I'm distracted by the white shirt, frankly. And how he appears to be wearing a sword on his belt.


I can't quite see how he's staying aboard. And what is it with these men riding shirtless?

Still not seeing it. And the reins all on one side?

Again with the white shirt, but the pose looks possible.

And now for some scary-looking horses. Observe the horse behind our heroine.

What breed is that? Maybe it's just the color, but the head proportions look bloated.

I realize this is not a romance novel, but how could I pass up this twin to the above romance cover?

The Aardvark strikes again.

Friday, January 8, 2010

The Black Stallion (1941)

One of the most exciting days of my childhood was finding the entire Black Stallion series at a thrift shop. They were the 1977 trade paperbacks, which had beautiful covers (I'd love to know who the illustrator was), and I must have read each one dozens of times. When I dug them out of my parents' attic a few years ago, they'd been read to pieces. The covers were delicately attached to their bindings, the spines were cracked, the pages honorably battle-worn. No matter. I lovingly transported them and their layers of dust home, and they now live in a safe bookshelf alongside some boxes of my childhood Breyers, and amidst my other great second-hand Black Stallion find, a collection of first editions I stumbled over in a church rummage sale years later.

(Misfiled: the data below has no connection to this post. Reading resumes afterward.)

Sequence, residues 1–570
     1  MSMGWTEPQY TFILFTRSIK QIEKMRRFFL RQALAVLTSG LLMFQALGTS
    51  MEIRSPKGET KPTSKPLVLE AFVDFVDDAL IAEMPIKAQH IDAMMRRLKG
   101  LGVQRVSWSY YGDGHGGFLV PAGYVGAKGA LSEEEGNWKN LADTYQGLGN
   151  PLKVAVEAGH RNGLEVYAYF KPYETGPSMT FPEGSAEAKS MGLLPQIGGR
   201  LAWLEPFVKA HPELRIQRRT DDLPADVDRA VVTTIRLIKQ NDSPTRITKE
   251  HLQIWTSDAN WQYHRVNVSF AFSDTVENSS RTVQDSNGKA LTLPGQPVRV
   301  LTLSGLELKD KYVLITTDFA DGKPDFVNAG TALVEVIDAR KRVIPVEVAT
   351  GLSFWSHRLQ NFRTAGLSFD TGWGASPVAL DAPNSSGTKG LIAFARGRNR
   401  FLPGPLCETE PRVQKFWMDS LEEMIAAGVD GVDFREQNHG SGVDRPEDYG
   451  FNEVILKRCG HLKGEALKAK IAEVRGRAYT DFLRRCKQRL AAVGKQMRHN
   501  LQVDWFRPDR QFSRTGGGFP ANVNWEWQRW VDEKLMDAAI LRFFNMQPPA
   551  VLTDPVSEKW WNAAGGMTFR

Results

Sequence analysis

So it's safe to say I'm a little biased in favor of the Farley books. Just a warning.